WHEREAS provisions requiring two-thirds votes to raise revenue and approve budgets have caused dysfunction and chaos in other states, especially California, where havoc has been wrought on the state’s fiscal health;
WHEREAS most of the other states in the Union do not have any provisions in their constitutions requiring two-thirds votes to raise revenue;
WHEREAS the money behind I-1185 was almost exclusively supplied by powerful out of state corporations or corporate lobbies like BP, ConocoPhillips, Shell, Tesoro, the American Beverage Association (Coca-Cola, PepsiCo, Dr Pepper Snapple Group), and the Beer Institute (Anhesuer Busch, MillerCoors, Heineken, etc.), which wish to prevent our lawmakers from requiring them to pay their fair share in taxes to support our common wealth;
WHEREAS the two-thirds vote requirement present in past initiatives similar to I-1185 have been interpreted by the Legislature and the executive department to apply to bills or actions that seek to recover revenue through the repeal of tax loopholes, but only a majority vote is needed to create a tax loophole;
WHEREAS thanks to this interpretation, I-1185’s predecessors, including I-960 and I-1053, have prevented lawmakers from removing tax loopholes for large, profitable corporations that don’t need them;
WHEREAS research by the Washington Budget & Policy Center has found that more than eighteen thousand public and private sector jobs have been eliminated as a result of state budget cuts since the summer of 2009;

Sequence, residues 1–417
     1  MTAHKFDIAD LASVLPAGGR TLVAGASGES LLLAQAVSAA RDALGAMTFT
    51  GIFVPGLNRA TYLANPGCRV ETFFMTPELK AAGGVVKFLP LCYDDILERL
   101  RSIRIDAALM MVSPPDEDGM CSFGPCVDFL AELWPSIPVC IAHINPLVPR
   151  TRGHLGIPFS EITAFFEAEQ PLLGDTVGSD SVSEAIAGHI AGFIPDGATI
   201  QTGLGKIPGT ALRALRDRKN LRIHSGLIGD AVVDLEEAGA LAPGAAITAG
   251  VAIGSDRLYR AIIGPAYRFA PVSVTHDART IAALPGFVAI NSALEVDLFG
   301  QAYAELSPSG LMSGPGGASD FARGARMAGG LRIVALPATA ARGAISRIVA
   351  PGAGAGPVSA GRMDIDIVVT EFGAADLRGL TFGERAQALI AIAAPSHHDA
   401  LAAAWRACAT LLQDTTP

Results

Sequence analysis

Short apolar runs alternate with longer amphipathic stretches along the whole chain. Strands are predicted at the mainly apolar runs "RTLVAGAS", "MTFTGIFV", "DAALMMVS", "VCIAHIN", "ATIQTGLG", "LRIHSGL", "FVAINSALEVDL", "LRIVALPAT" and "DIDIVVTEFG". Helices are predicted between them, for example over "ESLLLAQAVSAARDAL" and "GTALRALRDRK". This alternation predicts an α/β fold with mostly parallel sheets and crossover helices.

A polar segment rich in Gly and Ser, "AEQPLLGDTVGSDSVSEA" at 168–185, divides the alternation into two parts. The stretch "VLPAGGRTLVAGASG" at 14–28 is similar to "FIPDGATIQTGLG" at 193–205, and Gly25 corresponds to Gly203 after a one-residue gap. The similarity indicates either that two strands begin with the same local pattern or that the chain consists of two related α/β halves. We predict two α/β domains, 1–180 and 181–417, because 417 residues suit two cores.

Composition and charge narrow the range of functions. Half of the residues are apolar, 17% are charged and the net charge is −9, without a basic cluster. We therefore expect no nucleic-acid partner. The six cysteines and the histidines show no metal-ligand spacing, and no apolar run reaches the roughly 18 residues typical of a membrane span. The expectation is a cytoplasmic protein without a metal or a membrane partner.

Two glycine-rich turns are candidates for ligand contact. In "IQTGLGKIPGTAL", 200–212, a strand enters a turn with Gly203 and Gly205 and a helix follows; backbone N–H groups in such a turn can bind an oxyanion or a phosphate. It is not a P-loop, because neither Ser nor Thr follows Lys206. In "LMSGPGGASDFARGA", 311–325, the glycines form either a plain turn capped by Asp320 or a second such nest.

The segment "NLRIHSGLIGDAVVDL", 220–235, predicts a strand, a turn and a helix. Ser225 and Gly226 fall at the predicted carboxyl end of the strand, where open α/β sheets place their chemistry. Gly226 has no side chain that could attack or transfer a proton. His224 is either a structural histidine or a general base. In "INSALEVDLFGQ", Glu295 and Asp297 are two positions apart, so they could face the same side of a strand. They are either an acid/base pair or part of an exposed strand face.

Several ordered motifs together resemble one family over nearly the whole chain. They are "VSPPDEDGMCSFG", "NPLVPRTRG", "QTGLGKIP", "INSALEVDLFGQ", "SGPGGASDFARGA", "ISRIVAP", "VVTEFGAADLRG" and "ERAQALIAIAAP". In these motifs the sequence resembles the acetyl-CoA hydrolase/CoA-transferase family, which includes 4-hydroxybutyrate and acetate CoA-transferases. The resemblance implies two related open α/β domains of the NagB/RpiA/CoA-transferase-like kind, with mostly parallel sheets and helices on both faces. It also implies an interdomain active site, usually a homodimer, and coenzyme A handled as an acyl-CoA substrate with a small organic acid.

WHEREAS I-1185’s predecessors have prevented lawmakers from democratically voting to protect many of those jobs by raising revenue to offset deep cuts;
WHEREAS I-1185 threatens our economic recovery and economic security by keeping the two-thirds requirement to raise revenue in place;
NOW, THEREFORE BE IT RESOLVED that [name of organization] takes a position opposing I-1185 on the November 6th, 2012 ballot and urges all Washingtonians to vote NO on I-1185.
BE IT FURTHER RESOLVED that [name of organization] encourages its donors, members, and supporters to join the coalition opposing I-1185 and campaign actively for the defeat of I-1185.
- The text of the Washington State Constitution, which includes all of the sections cited in the resolution, is available from the state Legislature.
- The searchable text of Judge Bruce Heller’s ruling striking down I-1053 is available from Permanent Defense.
- The Supreme Court’s order accepting the appeal of LEV v. State from King County Superior Court is available from Permanent Defense.
- The complete text of the Federalist Papers, including the essays cited in the resolution, is available from the Library of Congress.
- Excerpts from the Alaska Supreme Court’s ruling striking down a measure similar to I-960 and I-1053 in 2007 are available from the NPI Advocate.
- An essay by retired Sacramento Bee political reporter Stephen Green describing the destructive impact of two-thirds vote requirements in California is available from the NPI Advocate.
- A chart showing the major donors to Tim Eyman’s I-1185 is available from Permanent Defense.
- The Washington Budget & Policy Center’s research on the cost and consequences of I-601, I-960, and I-1053 is available on their website.